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Potential for large wildfires forecasted as “normal” through June

A map of the United States shows areas of above normal, below normal and normal significant wildland fire potential for the month of June. Much of Florida, Arizona, New Mexico and the Great Basin are above normal, while much of California is below normal.
National Interagency Fire Center
The National Interagency Fire Center is predicting "normal" potential for large wildfires in Wyoming in June.

Federal fire forecasters are expecting “normal” potential for large wildfires in Wyoming through June, though much of the eastern part of the state is already abnormally dry.

The National Interagency Fire Center’s June Outlook forecasts above normal temperatures and normal precipitation, with the rest of the summer poised to be even hotter and drier.

That’s coming off of a May that was abnormally dry in the eastern half of the state, with moderate drought around Cheyenne and Jackson.

Chris Campbell, deputy regional forester for the Intermountain Region of the U.S. Forest Service, said that early season dryness is concerning.

“Already this year, there's already been a handful of fires in the state, which is abnormal. So I think on the eastern part of the state there's concern,” Campbell said during a recent seasonal briefing with federal, state and local fire managers.

Wyoming has already seen more acres burned this year than all of last.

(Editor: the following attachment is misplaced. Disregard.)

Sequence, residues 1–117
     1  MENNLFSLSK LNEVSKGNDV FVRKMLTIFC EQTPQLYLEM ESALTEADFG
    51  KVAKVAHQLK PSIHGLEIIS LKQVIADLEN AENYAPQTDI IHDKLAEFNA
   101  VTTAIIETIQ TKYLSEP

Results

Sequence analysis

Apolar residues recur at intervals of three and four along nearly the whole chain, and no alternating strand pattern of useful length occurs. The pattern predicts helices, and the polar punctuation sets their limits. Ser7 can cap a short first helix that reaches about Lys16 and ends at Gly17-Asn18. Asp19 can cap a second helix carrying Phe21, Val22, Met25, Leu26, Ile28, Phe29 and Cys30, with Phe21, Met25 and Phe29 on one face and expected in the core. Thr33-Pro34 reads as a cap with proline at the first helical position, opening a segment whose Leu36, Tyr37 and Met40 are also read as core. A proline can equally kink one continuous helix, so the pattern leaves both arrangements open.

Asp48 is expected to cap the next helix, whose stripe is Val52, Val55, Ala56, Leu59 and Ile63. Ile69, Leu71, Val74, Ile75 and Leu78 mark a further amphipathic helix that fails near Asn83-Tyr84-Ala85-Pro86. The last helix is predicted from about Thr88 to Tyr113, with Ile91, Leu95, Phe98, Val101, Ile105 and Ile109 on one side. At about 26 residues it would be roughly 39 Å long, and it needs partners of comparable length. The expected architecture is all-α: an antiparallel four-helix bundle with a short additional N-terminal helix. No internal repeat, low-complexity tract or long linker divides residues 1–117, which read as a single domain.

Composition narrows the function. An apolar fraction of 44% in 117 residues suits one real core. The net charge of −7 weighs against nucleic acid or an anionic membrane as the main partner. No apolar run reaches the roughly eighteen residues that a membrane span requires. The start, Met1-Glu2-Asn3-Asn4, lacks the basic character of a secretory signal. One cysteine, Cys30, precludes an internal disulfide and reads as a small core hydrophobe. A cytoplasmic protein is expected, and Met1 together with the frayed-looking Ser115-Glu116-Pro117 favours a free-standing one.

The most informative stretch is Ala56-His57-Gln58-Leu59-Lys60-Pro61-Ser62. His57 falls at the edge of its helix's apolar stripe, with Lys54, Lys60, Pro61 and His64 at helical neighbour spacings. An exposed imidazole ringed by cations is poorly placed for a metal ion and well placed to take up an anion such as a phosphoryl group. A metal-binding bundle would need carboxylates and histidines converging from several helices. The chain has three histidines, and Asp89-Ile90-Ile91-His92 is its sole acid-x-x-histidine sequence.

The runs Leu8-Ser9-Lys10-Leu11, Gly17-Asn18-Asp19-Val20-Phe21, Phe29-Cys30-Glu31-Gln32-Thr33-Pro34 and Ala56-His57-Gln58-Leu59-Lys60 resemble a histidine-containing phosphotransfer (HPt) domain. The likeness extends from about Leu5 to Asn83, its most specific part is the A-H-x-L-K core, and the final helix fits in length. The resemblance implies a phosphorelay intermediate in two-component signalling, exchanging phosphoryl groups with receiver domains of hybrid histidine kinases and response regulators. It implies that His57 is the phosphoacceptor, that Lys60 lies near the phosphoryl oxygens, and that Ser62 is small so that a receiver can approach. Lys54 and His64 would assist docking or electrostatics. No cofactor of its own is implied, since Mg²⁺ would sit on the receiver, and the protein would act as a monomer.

“We’ve come to expect there's no normal fire year anymore,” Campbell said.

Even a “normal” fire season in Wyoming can see around 800 burns.

Late onset monsoon thunderstorms are expected later this summer west of the Continental Divide.

Regionally, the potential for large fires will trend above normal later this summer.

“We'll see how quickly it dries out, and from that moment forward we'll see what lightning does,” said Kelly Norris, Wyoming's State Forester.

Managers ask for people to be mindful by putting out campfires and not tossing lit cigarettes on the ground.

Nicky has reported and edited for public radio stations in Montana and produced episodes for NPR's The Indicator podcast and Apple News In Conversation. Her award-winning series, SubSurface, dug into the economic, environmental and social impacts of a potential invasion of freshwater mussels in Montana's waterbodies. She traded New Hampshire's relatively short but rugged White Mountains for the Rockies over a decade ago. The skiing here is much better.
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